As a child growing up in the United States, I learned quickly that society catered to those who were outspoken, assertive, and thrived on social interaction. We are a nation that values leadership and standing out from the crowd above all else. But what about the quiet, reflective types like myself? Where do we fit in in all of this?
Knowing that I didn’t have the ideal American personality type was a blow to my self-esteem as a teenager. I didn’t like crowds, socializing for extended periods of time, speaking in front of audiences, and I just couldn’t seem to project my voice loudly enough for people to take me seriously. In fact, I spent most of my time listening and observing those around me as opposed to speaking. It was my preferred method of interpreting what was going on around me, so why did I feel like some freak show struggling to be like everyone else?
I’m embarrassed to say that I didn’t come to terms with who I am until only a few years ago. I began reading up on introversion vs. extroversion and that’s when it all started to make sense to me. There’s absolutely nothing wrong with being an introvert! In fact, there are so many wonderful things about it that I hadn’t even realized.
We often think before we speak. Even more so than our extroverted counterparts because we spend more time in our heads analyzing every minuscule detail . Everything we say is carefully chosen to meet the needs of those around us so we have less cases of embarrassing “word vomit.” Unless, of course, we’ve had a few too much to drink (but that’s another story).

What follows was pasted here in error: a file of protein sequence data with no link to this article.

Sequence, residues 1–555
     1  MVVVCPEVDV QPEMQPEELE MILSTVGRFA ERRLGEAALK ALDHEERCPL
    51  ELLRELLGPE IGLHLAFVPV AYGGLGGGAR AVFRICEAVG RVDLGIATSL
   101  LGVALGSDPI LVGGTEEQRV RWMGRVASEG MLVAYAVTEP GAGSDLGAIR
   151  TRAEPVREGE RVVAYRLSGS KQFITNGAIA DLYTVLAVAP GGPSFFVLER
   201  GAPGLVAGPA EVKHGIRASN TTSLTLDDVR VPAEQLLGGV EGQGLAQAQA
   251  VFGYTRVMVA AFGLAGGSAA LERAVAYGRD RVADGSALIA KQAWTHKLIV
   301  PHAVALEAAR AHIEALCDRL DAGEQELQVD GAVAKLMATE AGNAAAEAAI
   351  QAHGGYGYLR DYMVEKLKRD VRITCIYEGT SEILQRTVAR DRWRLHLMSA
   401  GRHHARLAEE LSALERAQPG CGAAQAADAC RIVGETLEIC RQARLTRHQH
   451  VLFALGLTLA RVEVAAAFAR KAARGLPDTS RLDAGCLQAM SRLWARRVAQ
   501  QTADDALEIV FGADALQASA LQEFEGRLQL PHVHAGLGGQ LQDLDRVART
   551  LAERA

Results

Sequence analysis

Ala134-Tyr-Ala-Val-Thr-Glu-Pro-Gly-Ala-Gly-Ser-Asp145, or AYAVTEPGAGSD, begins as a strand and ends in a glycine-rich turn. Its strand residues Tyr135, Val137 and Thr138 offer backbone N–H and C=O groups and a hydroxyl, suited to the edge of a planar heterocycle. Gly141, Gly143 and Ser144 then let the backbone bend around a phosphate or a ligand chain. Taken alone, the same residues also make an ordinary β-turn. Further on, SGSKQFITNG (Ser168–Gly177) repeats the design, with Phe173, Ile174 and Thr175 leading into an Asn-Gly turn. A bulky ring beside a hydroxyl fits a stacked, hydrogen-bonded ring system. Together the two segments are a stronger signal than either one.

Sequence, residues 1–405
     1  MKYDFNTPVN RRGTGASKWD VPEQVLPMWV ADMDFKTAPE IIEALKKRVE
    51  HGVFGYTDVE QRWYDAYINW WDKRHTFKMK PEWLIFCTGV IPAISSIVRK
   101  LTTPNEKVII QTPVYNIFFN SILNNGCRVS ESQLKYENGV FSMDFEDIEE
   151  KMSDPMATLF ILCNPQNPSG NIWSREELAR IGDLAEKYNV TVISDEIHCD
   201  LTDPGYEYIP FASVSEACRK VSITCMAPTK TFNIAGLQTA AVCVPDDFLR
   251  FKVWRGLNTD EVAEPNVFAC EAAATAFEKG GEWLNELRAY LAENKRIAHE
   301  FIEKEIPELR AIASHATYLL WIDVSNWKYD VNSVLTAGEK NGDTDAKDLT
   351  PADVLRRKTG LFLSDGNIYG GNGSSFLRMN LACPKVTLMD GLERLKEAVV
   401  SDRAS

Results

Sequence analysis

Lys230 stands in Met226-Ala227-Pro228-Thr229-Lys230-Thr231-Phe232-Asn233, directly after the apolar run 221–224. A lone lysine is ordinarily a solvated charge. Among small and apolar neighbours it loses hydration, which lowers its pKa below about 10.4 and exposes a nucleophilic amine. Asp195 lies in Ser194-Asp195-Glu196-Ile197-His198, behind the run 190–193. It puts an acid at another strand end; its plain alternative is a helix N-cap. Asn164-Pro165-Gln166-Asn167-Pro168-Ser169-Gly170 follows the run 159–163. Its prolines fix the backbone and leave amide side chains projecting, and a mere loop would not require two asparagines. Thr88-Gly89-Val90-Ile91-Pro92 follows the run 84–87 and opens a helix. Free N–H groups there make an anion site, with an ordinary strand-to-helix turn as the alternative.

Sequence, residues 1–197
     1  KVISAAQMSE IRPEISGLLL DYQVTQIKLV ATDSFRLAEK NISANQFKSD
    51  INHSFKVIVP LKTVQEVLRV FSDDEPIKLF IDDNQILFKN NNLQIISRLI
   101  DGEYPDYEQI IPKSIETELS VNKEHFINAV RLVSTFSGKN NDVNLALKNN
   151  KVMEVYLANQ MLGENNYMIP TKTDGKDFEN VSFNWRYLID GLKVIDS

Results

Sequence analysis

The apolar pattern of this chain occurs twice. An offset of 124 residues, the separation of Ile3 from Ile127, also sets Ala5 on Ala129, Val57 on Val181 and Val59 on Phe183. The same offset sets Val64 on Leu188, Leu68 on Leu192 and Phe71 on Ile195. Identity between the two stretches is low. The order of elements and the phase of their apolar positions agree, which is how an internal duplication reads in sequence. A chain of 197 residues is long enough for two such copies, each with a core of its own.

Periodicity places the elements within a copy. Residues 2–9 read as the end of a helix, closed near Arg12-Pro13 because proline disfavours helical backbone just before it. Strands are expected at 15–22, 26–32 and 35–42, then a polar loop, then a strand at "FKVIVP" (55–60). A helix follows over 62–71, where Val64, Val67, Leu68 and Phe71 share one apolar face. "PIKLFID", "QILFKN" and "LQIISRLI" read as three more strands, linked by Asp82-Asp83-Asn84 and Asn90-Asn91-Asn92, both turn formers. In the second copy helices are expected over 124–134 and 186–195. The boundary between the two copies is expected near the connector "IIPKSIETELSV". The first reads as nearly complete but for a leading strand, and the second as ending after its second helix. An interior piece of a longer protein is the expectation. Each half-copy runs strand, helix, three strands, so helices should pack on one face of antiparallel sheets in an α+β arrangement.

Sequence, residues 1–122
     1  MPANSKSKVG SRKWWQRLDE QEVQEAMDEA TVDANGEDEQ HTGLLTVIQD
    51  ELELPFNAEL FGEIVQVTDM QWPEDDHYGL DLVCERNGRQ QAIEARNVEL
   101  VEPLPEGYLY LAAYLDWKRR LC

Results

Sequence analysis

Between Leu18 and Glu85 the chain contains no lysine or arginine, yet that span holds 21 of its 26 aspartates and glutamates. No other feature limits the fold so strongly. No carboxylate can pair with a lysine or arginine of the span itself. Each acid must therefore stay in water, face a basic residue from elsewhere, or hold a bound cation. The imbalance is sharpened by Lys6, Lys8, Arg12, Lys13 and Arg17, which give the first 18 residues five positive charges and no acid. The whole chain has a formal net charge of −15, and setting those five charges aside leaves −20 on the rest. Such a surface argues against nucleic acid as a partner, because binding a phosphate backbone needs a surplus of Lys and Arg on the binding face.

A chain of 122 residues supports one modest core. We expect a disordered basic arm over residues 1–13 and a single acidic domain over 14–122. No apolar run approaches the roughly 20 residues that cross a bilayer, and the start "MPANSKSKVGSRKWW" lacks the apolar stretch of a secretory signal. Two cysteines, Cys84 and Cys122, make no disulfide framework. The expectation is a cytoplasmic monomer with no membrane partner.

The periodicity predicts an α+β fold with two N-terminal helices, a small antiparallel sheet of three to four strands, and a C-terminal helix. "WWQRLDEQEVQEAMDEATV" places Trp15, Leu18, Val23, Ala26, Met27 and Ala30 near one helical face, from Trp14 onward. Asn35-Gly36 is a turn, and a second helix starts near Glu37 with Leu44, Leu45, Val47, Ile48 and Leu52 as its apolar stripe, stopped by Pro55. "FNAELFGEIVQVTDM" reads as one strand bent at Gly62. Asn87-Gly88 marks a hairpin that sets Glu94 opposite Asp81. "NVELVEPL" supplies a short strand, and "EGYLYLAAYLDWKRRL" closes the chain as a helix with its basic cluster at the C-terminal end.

We are masters of concentration. Introverts spend a lot of time alone and need less outside stimulation to feel their best, which makes us great at locking ourselves in our rooms and focusing on something for extended periods of time. As a student of accounting, I can’t tell you how many times I’ve had to stay focused on a project/assignment for up to 6 hours or more without missing a beat.
People love to talk to us. The one benefit to being naturally quiet and soft-spoken is that we’ve had an entire lifetime to refine our listening skills! Have you ever met someone that constantly talked over you and made you feel like you could barely get your two-cents in? Well, introverts love to observe and process information, which makes us some of the easiest people to spill your guts to. I used to love playing therapist with my friends growing up because it satisfied my need to learn about my environment and made people trust me almost instantly. ‘Til this day, I can get people to open up to me because of my natural inclination to absorb information and listen to what others have to say.
We exude calm. Introverts often seem composed because they’re able to retreat safely into the stability of their inner world. No matter what’s happening on the outside, our minds are our refuge from chaos. Thanks to the unique mechanics of our brains, we also have a tendency to be more risk averse than our outgoing counterparts, which means we are always prepared. And we all know preparation is key to avoiding stressful situations.
We’re quiet. We may not show up to every neighborhood barbecue, but you can definitely count on us to keep the peace. There’s nothing worse than living next to loud, party animals (trust me, I know). Let’s be real, who wants to come home from a long day and hear the people next door causing a ruckus?
As you can see, being an introvert has its perks and I’m learning to appreciate them more each day. Our extroverted friends have their own special place in this world thanks to their natural talents, so why shouldn’t we? For every leader out there, the world needs just as many (if not more) people working quietly (and diligently) behind the scenes to plan out the logistics and make things happen. It takes all kinds of people to make this world go ’round so if you’re a fellow introvert, wear that badge with pride because you are awesome in your own special way. 🙂